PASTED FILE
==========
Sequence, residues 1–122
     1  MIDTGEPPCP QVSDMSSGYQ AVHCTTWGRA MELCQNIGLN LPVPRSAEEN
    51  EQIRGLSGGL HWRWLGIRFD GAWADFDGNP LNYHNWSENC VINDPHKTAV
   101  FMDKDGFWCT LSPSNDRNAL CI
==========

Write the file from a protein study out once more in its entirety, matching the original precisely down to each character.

Sequence, residues 1–122
     1  MIDTGEPPCP QVSDMSSGYQ AVHCTTWGRA MELCQNIGLN LPVPRSAEEN
    51  EQIRGLSGGL HWRWLGIRFD GAWADFDGNP LNYHNWSENC VINDPHKTAV
   101  FMDKDGFWCT LSPSNDRNAL CI